Creative problem solving is crucial to everyone’s job now. Innovation is part of the day job.
Sometimes that means doing new things in new ways. Sometimes that means new things in old ways or old things in new ways.
There are two dominant schools of thought on innovation in media. The first is professionals who believe that not enough has changed and are sure that there’s radical change in reaching people in the right way, with the right message and at the right time, which will grow brands and drive more effective work using new tech.
Others pour scorn on the digital utopia and suggest that the market will swing back to traditional brand building techniques.
The media landscape has been made less navigable by these contrasting orthodoxies.
The truth lies in between.
Because it depends: on the brand, on the category, on the audience and on the timescales of effectiveness.
We need a steam of better ideas about how to solve new problems.
The movie mogul Steven Spielberg has been making blockbuster films for decades. Everyone reading this blog loves one of his films, at least: Jaws, Jurassic Park, Schindler’s List, Raiders of The Lost Ark…. et al. It is interesting and useful to know that he doesn’t rest on tried and trusted techniques and ways of working despite his amazing body of work and the army of adoring fans and strong critical acclaim.
Spielberg could rest on his laurels. He doesn’t. With 40+ years of experience he has turned his camera to a new genre of movie, one that is spot on for the current zeitgeist of questionable news and a woman brave enough to speak truth to power.
The Post opens this week. It tells the story of The Pentagon Papers, documents that revealed that the US government had been lying about the Vietnam War. The documents were initially leaked to The New York Times but President Nixon’s lawyers shut down their ability to publish. The Washington Post got hold of them and published. It was a high-risk thing to do, one that could have landed the owner and editor in jail. The owner, Katherine Graham, stood up for truth in the face of the full force of the government shut down.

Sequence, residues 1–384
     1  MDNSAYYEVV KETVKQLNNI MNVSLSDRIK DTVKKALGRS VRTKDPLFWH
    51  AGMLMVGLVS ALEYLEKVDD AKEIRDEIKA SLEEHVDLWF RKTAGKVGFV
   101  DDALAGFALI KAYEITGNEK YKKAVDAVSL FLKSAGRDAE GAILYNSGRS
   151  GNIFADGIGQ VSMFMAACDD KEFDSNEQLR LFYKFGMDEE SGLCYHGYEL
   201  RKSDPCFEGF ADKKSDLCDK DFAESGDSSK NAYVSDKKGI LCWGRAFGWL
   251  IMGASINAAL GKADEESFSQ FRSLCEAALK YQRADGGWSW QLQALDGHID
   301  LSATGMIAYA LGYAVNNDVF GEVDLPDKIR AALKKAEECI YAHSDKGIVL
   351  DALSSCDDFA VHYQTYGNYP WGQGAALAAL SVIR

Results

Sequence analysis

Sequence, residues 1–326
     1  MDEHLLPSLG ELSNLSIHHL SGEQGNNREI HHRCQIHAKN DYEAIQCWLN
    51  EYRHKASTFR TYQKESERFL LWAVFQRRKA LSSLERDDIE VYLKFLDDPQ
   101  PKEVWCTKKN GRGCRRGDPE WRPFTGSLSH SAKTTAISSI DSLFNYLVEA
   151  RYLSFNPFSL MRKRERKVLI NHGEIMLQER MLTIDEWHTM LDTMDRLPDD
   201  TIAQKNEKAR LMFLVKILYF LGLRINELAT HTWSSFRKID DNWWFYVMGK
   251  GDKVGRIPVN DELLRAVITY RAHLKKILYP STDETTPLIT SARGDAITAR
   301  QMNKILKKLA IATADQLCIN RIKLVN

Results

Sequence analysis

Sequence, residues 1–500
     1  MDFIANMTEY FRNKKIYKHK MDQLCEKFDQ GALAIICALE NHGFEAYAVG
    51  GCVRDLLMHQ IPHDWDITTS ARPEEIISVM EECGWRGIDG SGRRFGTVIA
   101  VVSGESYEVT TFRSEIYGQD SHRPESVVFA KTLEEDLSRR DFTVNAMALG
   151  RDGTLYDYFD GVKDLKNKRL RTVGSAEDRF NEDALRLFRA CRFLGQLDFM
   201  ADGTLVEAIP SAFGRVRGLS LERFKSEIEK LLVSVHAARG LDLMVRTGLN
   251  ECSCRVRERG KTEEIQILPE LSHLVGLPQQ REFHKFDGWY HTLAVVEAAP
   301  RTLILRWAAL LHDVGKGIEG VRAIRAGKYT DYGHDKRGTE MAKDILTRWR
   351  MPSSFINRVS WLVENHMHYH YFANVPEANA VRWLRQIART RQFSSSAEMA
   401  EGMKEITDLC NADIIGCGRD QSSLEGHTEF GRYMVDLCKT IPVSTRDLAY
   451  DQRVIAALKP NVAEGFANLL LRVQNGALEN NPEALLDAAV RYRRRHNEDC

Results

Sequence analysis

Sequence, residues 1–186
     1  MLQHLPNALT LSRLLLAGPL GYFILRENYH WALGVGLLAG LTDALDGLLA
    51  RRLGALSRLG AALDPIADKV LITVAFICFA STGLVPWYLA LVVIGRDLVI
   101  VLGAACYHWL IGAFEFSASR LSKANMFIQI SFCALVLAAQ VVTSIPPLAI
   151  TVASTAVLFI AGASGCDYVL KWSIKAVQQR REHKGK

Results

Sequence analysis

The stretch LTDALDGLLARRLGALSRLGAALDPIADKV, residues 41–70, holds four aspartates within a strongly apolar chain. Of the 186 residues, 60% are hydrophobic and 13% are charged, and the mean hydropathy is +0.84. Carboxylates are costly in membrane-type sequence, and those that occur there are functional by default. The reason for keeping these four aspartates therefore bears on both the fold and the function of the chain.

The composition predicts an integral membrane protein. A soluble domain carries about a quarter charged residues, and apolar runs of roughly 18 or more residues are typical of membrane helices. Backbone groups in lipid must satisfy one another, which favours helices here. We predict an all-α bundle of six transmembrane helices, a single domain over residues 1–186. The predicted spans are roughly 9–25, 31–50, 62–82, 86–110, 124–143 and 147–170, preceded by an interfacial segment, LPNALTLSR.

Spielberg says it’s his first political thriller. He says he likes new challenges because he gets all his best ideas when he doesn’t know exactly what he is doing: "I get better ideas when I am standing on my heels, not on the flat of my soles. It’s because I don’t want to fall, and I need to regain my balance… it’s scary but healthy."
Want better ideas for problem solving in 2018? You will need them. Get outside your comfort zone. Keep the knowledge and experience that you’ve earned but don’t over-rely on them. Get on your toes.
Sue Unerman is the chief transformation officer of MediaCom